Finally, there is a booklet containing an essay by film critic Kim Morgan.

© Michael B. Druxman
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2 of 2 people found the following review helpful By Andrew Ellington VINE VOICE on December 3, 2009
Format: VHS Tape
One of the most delectable ménage-trois in the history of cinema, the pairing of Fredric March, Gary Cooper and the GLORIOUS Miriam Hopkins for this hilarious 1933 romantic comedy was truly inspired and is really hard to top, even today. Sadly, this cannot be purchased except for within a collection of Gary Cooper hits, so it may not be an easily accessible film (I saw it on TCM and have locked it only my DVR) but if you can get your hands on it (local library maybe) I strongly suggest you take the time to see it.

The film tells of two American men, playwright Tom Chambers and painter George Curtis, who meet and fall for Gilda while on a train. The three soon move into the same Paris flat and start a strange yet charmingly workable relationship (no touchy-touchy). The relationship is tested when each man tries to get exclusive rites to Gilda's affections, and when the intrusive (well-meaning) Max Plunkett makes his feelings for Gilda and her situation clear, things begin to get dicey.

For me, this is just delightful from start to finish. I think I mentioned this when reviewing `Trouble in Paradise'. Miriam Hopkins did three films basically back-to-back with director Ernst Lubitsch, and this is one of the best. My favorite is still `The Smiling Lieutenant', but this one sports Hopkins shining moment. It is the most universally sound, especially in the comedic department. It has the gags and the intellectual banter down to a science.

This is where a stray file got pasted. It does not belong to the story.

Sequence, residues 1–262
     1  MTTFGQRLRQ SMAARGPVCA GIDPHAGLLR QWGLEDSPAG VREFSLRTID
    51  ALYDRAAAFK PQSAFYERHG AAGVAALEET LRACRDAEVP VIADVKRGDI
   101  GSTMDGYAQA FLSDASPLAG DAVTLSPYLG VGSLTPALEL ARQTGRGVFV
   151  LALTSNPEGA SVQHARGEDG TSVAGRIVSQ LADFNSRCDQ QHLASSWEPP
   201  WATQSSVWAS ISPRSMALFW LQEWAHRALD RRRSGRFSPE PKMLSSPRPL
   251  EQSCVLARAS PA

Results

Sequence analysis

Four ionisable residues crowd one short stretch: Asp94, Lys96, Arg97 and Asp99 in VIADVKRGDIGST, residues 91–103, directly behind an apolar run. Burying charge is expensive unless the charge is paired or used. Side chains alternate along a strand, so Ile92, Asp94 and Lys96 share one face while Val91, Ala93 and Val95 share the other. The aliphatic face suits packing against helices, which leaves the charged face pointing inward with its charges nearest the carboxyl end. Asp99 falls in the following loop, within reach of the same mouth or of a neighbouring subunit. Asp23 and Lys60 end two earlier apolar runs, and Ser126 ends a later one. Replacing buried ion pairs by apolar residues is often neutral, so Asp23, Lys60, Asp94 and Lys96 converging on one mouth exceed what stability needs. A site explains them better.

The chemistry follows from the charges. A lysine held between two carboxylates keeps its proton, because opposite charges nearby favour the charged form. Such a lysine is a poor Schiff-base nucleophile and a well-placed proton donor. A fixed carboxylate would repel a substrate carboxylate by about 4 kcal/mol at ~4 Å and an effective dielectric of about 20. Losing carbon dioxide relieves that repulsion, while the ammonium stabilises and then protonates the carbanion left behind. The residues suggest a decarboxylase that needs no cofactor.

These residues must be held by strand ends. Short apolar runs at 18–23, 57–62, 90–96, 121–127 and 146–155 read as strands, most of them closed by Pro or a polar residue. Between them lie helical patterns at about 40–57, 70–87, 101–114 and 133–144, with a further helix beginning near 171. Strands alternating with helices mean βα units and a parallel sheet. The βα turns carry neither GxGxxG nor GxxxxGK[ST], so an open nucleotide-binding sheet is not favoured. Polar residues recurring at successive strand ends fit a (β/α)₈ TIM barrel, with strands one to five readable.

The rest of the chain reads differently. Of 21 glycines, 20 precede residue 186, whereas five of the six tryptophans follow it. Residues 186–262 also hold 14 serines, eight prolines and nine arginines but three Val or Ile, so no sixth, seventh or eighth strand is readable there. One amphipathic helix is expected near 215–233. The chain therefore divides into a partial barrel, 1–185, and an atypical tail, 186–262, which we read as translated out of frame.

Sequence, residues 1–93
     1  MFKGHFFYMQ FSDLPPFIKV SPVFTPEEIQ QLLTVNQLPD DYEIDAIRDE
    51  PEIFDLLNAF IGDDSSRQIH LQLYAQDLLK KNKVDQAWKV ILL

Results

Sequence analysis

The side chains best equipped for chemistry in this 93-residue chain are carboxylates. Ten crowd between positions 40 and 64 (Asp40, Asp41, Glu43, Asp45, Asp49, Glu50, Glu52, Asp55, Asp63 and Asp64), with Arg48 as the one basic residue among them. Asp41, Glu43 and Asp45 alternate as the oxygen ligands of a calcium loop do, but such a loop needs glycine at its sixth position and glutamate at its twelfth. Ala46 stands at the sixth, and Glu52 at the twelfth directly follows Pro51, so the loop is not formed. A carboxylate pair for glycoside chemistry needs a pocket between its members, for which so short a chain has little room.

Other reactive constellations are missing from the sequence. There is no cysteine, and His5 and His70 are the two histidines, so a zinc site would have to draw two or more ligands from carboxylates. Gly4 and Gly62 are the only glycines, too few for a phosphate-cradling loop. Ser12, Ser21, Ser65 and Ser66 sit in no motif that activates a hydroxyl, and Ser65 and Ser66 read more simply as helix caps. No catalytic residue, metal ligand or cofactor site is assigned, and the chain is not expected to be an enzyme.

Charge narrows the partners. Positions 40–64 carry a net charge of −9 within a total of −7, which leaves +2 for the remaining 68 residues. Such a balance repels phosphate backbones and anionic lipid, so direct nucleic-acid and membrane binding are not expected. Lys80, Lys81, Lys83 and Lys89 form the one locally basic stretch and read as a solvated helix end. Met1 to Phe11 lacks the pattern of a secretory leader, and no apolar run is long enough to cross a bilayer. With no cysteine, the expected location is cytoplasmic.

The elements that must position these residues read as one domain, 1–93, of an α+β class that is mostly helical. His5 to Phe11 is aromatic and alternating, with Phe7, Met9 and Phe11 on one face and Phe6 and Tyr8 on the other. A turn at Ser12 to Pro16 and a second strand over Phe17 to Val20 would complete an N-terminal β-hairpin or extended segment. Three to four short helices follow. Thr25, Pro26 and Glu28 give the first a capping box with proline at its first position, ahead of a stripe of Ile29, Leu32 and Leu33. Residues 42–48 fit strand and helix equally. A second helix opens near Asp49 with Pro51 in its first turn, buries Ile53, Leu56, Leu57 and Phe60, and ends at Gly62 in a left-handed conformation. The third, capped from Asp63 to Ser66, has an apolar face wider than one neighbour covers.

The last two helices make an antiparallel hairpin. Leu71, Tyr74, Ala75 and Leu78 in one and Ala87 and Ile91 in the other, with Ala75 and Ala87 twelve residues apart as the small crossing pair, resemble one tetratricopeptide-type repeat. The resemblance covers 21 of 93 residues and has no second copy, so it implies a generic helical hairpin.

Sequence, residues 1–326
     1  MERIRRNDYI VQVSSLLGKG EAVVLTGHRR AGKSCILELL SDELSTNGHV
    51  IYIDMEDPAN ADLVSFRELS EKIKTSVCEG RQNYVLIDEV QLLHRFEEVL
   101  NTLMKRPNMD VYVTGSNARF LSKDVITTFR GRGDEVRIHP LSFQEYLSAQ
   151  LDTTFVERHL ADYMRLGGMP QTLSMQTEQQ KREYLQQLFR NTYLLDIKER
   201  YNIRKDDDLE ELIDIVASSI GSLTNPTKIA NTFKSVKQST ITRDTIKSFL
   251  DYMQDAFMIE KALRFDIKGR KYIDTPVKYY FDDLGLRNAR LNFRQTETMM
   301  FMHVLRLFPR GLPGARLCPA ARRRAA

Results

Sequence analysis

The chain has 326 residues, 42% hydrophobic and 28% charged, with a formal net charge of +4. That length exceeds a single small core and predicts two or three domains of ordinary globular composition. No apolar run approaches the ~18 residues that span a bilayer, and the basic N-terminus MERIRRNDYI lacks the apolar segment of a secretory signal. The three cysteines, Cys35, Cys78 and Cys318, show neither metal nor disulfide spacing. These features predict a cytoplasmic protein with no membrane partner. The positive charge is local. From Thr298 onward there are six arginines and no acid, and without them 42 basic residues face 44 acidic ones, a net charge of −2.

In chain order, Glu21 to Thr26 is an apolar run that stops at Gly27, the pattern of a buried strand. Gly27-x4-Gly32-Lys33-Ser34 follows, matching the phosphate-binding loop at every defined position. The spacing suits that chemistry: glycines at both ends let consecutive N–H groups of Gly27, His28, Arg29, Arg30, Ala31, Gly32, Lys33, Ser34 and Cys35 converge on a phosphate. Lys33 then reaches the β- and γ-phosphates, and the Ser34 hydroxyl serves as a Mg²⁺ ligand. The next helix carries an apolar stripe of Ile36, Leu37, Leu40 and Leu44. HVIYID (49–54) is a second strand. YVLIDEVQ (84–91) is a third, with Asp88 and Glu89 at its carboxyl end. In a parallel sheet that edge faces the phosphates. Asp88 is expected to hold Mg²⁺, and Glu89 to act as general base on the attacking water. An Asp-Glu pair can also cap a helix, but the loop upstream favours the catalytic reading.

Such a blessed pairing across the board.

Of the two leading men, my vote goes to March, who is just stunning here. It is nice to see Cooper take on a role that was very far removed from what he was used to, but he does at times feel a little out of place. March is perfection here, truly outstanding.
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5 of 6 people found the following review helpful By C. O. DeRiemer TOP 1000 REVIEWER on December 30, 2011
Format: DVD
There's no doubt about what's going on in Design for Living, a delightful high comedy about a ménage a trois, written by Noel Coward as rewritten by Ben Hecht and directed by Ernst Lubitsch...and it's not hanky panky. No, it's just joyous, straightforward sex.

Please note, before any fastidious persons who fancy themselves "reviewers" nail me to a tree. I have watched this movie more than once when it was released as part of The Gary Cooper Collection. It looked good then, and - I plead guilty to not having watched it yet in the newly released Criterion edition - I expect Criterion has done it proud. I plan to buy it. I have no idea what the extras may be like, but then I seldom watch the extras or listen to any film's commentary.

When two artists, the painter George Curtis (Gary Cooper) and the playwright Tom Chambers (Fredric March), encounter Gilda Farrell (Miriam Hopkins) on the train to Paris, their 11-year friendship is going to be intriguingly tested. Gilda (with a soft "g") captures them both, and she reciprocates but can't choose. And why should she? She moves in with them. There's only one solution, however, to the inevitable problem. "Boys," she tells them "it's the only thing we can do. Let's forget sex." And with that, of course, neither they nor we can. Says Gilda to George and Tom later, "It's true we had a gentleman's agreement, but unfortunately, I am no gentleman." And says Tom to Gilda later, "George betrayed me for you. Without wishing to flatter you, I understood that. I can still understand it. But you betrayed me for George. An incredible choice!"

Ben Hecht often bragged that only one line of Coward's survived in his screenplay.